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13 votes
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Proving Caratheodory measurability if and only if the measure of a set summed with the measure of its complement is the measure of the whole space.

Step 0: The inequality $\mu^{\ast}(A) \leqslant \mu^{\ast}(A\cap E) + \mu^{\ast}(A \cap E^C)$ for all $A \subset X$ follows directly from the subadditivity of outer measures. Step 1: For a ...
Daniel Fischer's user avatar
6 votes
Accepted

How does the frequentist definition of probability work with non-measurable sets?

Initial answer: I don't have a rigorous answer for you, but let me point out that every subset of $[0,1]$ (measurable or not) has a rigorously defined inner and outer Lebesgue measure, both of which ...
pre-kidney's user avatar
  • 30.3k
6 votes
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Let $E_1 \subset E_2$ both be compact and $m(E_1) = a, m(E_2) = b$. Prove there exists a compact set $E$ st $m(E) = c$ where $a < c < b$.

Let $E_1, E_2$ be two compact sets in $\mathbb R^d$. Let $f : \mathbb R \to \mathbb R$ be defined by $$ f(t) = m(E_1 \cup (E_2 \cap \{ x_1+ \cdots + x_d \le t\})),$$ where $x_1, \cdots, x_d$ are the ...
Arctic Char's user avatar
  • 16.2k
5 votes
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Proving the *Caratheodory Criterion* for *Lebesgue Measurability*

Note: I just realized that your statement of Carathéodory's criterion doesn't agree with the usual one, where one tests against any possible test $A$. If we show that it is possible to test using open ...
Miguel's user avatar
  • 1,644
5 votes
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Prove that $f\in L^1(A)\Leftrightarrow \sum_{n}^{\infty}m(\{ x\in A : f(x)\geq n \}) < \infty$

As stated in the comment you have that $$ f^{-1}([n,\infty ))= \bigcup_{k\geqslant n}f^{-1}([k,k+1)) $$ Therefore $$ \begin{align*} \sum_{n\geqslant 0}m(f^{-1}([n,\infty ))&= \sum_{n\geqslant 0}m\...
Masacroso's user avatar
  • 30.7k
5 votes
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Let $f$ be measurable then prove a certain set is measurable.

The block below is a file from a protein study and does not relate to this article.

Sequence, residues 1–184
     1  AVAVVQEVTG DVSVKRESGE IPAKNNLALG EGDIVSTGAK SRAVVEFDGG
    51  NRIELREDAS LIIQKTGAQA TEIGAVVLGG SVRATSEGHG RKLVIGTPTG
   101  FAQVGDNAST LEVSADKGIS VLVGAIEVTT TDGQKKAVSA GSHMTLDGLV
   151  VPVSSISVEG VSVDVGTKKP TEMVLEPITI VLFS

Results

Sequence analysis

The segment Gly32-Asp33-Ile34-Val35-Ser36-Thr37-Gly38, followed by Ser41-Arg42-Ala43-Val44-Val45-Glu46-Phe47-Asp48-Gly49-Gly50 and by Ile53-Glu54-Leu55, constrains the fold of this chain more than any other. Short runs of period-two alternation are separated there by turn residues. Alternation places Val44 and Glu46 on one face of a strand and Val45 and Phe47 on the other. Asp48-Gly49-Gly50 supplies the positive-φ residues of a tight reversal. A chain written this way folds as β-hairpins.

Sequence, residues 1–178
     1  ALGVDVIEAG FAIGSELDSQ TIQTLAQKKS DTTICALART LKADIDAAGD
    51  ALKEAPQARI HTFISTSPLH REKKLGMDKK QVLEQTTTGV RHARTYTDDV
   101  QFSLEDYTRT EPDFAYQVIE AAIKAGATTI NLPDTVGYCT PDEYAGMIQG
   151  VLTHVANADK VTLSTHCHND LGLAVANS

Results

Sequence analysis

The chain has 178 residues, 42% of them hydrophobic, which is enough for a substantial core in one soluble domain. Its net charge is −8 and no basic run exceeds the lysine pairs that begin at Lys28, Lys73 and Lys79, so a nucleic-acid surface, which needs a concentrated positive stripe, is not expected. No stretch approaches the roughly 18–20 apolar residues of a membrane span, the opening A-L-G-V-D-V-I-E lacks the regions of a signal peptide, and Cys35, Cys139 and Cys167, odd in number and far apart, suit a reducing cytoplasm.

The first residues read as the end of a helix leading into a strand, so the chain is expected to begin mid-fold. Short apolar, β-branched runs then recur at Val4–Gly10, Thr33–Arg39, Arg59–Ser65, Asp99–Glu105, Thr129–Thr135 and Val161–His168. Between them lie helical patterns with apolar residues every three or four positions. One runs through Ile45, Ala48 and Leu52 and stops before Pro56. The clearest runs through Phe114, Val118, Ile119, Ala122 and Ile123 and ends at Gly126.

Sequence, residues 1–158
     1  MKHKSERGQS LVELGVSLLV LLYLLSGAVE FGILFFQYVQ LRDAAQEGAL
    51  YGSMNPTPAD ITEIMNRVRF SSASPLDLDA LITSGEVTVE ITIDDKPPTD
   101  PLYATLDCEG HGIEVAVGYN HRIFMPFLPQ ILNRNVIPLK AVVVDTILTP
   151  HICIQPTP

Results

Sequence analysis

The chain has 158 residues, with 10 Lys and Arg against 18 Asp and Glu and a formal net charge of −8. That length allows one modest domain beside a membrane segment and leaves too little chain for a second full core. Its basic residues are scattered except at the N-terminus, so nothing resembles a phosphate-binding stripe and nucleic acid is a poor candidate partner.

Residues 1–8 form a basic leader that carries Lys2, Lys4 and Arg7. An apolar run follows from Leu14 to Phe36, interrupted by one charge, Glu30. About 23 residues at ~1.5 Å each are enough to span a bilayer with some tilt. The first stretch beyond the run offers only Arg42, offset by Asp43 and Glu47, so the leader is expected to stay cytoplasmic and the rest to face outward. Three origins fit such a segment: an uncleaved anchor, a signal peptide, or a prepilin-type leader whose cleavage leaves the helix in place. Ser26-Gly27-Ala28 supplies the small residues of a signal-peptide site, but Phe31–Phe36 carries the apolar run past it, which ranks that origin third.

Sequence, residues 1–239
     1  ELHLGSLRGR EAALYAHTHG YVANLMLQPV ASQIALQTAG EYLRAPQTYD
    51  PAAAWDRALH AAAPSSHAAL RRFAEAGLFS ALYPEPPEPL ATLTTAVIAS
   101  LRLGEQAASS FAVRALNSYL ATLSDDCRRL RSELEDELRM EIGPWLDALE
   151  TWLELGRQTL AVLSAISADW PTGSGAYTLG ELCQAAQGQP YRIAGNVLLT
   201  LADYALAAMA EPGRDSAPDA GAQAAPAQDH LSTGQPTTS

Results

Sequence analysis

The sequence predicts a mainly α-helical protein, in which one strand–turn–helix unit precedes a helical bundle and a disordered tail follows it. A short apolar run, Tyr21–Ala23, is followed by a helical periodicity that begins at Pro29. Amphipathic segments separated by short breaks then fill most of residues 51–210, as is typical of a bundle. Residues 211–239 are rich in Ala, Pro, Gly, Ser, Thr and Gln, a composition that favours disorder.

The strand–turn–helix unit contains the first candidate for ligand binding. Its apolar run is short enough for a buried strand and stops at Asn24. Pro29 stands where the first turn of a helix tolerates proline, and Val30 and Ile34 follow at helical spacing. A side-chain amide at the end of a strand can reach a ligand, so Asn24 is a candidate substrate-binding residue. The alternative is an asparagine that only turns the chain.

we have that the function $\phi:\mathbb{R}^2\to \mathbb{R}$, where $\phi(x,y)=x-y$ is measurable since it is continuous. So is the function $F(x,y)=(f(x),f(y))$ (from $\mathbb{R}^2\to \mathbb{R}^2$), ...
alphaomega's user avatar
  • 2,236
5 votes
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Is it possible to write a metric a space as a countable disjoint union of compact sets?

The key assumption here is that $\mu$ is a Radon measure, meaning it is inner regular with respect to compact sets. Without this assumption, this is not true, not even if $\mu$ is finite (for instance,...
tomasz's user avatar
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5 votes
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Vitali set proof: Why is $1 \leq \sum_{k \in \mathbb{N}}m(\mathcal{N}_k) \leq 3$ impossible?

Since $m(\mathcal N_k)=m(\mathcal N)$ for each $k$, both cases lead to a contradiction: If $m(\mathcal N)=0$, then the infinite sum equals $0$ as well, yielding $1\leq 0\leq 3$, which is absurd. If $...
Zuy's user avatar
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5 votes

commonness of non measurable sets

This answer tries to walk a fine line - I think this is a very natural and simple-to-pose question which nonetheless benefits from quite technical material, and that makes exposition difficult. I've ...
Noah Schweber's user avatar
4 votes
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Can an integral defined by a density with respect to folner sequences of $A$ exist on a function defined on subsets of $A$?

I will try and give a high level answer. Given a Folner sequence $(F_n)$ on a countable group $G$ and a subset $A\subset G$, we can try and define how big A is "according to the Folner sequence" as ...
pseudocydonia's user avatar
4 votes

Measurable functions : $f(A) \in \mathcal{B}$

Inverse images behave much more nicely than direct images. Indeed, one has the identities $$ f^{-1}(B\cap C)=f^{-1}(B)\cap f^{-1}(C) $$ and $$ f^{-1}(B^c)=(f^{-1}(B))^c $$ where ${}^c$ is the ...
Reveillark's user avatar
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4 votes
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The function that generates a measurable graph is measurable

The mapping $$X \ni x \mapsto h(x):=(x,a) \in X \times (0,\infty)$$ is measurable for any fixed $a>0$. Thus, $h^{-1}(U_f) \in \mathcal{S}$. Noting that $$h^{-1}(U_f) = \{x \in X; a<f(x)\}=f^{-1}...
saz's user avatar
  • 121k
4 votes
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Show that $\mathcal A_1$ $\cap$ $\mathcal A_2$ is also a $\sigma$-algebra

As mentioned by @Reveillark, you shall need the definition of intersection of sets. Based on it, we can proceed as follows. Let $\Omega$ be a nonempty set and $\mathcal{A}_{1}$ and $\mathcal{A}_{2}$ ...
user0102's user avatar
  • 21.6k
4 votes
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Borel algebra always strictly smaller than its completion?

I'm going to stick with the Lebesgue-Stieltjes part of the question. Hopefully Folland had something simpler in mind, but here's one way to show that the domain of the completion has cardinality $2^{\...
Michael Jesurum's user avatar
4 votes
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Proving that a trivial product sigma algebra is the product of sigma algebras

Your argument for the one inclusion is correct. Let me propose an argument proving both inclusions at once, which might seem a bit abstract, but highlights what's going on. Some details are left for ...